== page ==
Career Searching – What Is the Difference Between Jobs and Careers?


Career searching is the term I apply to actively pursuing a career position rather than looking for a job.

I can’t tell you how many times I would interview someone, and when I would ask what they are looking for in a job, they would reply, “I’m not looking for a job. I’m looking for a career.”

And while I can appreciate the intentions of an applicant with this response, I need to stop to tell you how wrong this is – to the recruiter with whom you are speaking, but more importantly, how much this will hinder your job search.

Let me explain the difference:

  • A job is something a company offers you.
  • A career is something you build in an industry.

There is no such thing as a career position.

To emphasize this point, here is the definition for “career” according to Webster’s dictionary:

a person’s progress or general course of action through life or through a phase of life, as in some profession or undertaking

I might describe my career thus far as being a “recruiter,” but please understand I am not saying that simply because a company hired me to be a recruiter. In order to satisfy having a career, you need to meet three specific qualifications:

  • You have spent a significant numbers of years learning a particular industry.
  • You have specialized skills making you valuable in that industry.
  • You have a proven track record of success in that particular industry.

Examine those qualifications carefully. These qualifications are determined based on one thing – you! You can choose the career path you want to take, but understand that building a career is the sum total of your own efforts. No company can simply award you a career.

I remember interviewing an entry level applicant several years ago who was presently working for McDonald’s. When I asked him why he wanted to leave, he explained that McDonald’s was just a job – he wanted a career.

While I understand that this example is the essence of reduction to ridiculous, McDonald’s is one of the greatest providers of career opportunities worldwide. You can grow from an entry level role into all different directions including Human Resources, Accounting, Operations & Logistics, Marketing, and more… ! In fact, McDonald’s will from time-to-time take exceptional candidates and pay internally for additional training to advance their skill sets. In time, they too may advance in their career of choice – and it is the hope of McDonald’s that those skill sets will be applied internally.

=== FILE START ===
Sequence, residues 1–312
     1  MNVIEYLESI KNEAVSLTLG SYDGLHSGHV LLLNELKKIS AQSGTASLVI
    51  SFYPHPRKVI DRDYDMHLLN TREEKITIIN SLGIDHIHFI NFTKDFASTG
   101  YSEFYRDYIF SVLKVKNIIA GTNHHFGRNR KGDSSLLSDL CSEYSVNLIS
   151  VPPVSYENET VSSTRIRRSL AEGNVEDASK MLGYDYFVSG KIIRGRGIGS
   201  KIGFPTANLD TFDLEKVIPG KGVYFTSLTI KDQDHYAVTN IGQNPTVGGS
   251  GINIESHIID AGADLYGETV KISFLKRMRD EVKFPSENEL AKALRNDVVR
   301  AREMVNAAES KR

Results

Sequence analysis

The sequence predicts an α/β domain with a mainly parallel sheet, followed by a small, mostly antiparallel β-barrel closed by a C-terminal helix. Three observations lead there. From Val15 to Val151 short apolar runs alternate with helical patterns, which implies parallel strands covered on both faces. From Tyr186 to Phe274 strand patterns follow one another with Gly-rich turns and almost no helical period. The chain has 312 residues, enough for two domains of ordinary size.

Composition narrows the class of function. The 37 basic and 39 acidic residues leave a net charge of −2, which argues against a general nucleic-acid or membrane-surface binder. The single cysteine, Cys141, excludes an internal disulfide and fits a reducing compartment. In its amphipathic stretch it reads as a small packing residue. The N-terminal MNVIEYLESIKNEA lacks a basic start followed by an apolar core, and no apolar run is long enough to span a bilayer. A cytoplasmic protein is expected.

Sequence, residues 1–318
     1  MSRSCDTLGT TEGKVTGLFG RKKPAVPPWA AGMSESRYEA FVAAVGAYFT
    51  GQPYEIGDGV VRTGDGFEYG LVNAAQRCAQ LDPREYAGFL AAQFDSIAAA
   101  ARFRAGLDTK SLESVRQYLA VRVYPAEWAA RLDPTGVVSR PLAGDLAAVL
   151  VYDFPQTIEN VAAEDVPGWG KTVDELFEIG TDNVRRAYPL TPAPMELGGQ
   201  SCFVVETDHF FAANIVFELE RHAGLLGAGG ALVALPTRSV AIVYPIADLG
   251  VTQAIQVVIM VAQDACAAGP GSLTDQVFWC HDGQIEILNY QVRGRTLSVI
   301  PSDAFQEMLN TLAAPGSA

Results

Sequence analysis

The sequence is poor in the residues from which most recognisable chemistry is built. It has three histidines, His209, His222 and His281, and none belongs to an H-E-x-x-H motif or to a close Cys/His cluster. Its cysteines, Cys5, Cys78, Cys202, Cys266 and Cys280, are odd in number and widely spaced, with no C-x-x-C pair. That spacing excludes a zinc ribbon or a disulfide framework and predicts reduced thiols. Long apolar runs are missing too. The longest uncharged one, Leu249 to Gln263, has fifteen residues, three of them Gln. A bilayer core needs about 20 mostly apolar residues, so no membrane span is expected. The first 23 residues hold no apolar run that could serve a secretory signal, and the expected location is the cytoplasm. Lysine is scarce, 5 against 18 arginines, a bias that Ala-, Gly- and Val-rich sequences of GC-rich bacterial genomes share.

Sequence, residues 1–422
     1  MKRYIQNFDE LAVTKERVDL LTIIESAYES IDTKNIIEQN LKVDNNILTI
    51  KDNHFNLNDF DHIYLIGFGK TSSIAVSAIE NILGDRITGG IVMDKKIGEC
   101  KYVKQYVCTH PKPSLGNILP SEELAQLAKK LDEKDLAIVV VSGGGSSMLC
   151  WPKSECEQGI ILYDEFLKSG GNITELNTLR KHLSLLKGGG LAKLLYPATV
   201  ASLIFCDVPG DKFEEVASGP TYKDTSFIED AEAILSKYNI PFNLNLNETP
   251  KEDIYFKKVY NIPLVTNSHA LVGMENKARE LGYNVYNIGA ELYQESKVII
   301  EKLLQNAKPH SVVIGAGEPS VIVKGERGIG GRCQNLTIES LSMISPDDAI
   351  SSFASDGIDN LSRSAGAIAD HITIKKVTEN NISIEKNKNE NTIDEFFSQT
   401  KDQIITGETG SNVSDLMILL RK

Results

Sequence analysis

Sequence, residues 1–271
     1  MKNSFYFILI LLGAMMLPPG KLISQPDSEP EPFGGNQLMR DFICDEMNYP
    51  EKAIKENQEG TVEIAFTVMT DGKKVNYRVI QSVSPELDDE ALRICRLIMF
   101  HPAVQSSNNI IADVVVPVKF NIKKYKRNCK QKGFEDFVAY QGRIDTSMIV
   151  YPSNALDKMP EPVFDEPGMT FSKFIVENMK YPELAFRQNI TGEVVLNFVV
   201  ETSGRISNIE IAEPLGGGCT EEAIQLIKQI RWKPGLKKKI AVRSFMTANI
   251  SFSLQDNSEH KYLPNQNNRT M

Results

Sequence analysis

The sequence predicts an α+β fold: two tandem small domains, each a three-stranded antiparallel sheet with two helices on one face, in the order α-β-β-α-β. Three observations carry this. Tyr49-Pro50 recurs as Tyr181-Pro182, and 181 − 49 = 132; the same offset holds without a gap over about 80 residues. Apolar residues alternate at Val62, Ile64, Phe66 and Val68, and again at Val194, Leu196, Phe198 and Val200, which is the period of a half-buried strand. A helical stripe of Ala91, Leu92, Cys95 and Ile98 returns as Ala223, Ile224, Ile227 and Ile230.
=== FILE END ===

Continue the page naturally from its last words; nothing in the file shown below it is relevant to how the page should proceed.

Again, I emphasize the importance of understanding that a job is something you can get. A career is something you must build. The reason why this is so important is because millions of people are searching Google every month for a “career” – and I’m sorry to say – you will never find one just by looking. Yes, you may find many companies wanting career-minded individuals, or who may offer career advancement opportunities, but at the end of the day you are applying for a job.

That being said, if you wish to begin building a career in a particular industry, you will need to do three things:

  1. Decide in which industry you would like to develop your career.
  2. Look at what different career paths are available in that industry.
  3. Plan to acquire some specialized training in that industry, whether through formal education, apprenticeship, a mentor program, promote-from-within, etc.

For example, let’s say you decide that Business is your industry of choice. Next, you look at available career paths and decide that Marketing is where you are the most interested. The next step would be to look at how you can begin to learn more about marketing, whether that be through an internship or going to college.

Now – and only now – are you ready to begin acquiring some experience in this particular industry. Believe me – you are more than likely going to begin in a very entry Sales level role to really understand Marketing from the ground up. And that is okay. It takes time to build a career.

My first experience in interviewing was a completely unpaid internship. And I spent hours a week interviewing, watching other people interviewing, taking notes on interviewing techniques, reviewing resumes, calling references, etc. The more I could get my feet wet and collect experience, I knew the better prepared I would be to grow in my chosen career – and ultimately the more marketable I would become to other employers within that industry.

So the next time you are thinking of cutting to the front of the line by just looking for a career, think again. You need to look for a job first. Jobs are the only things that companies can offer you. But those jobs, in turn, become stepping stones. They are the vehicle to help you build the career you truly desire.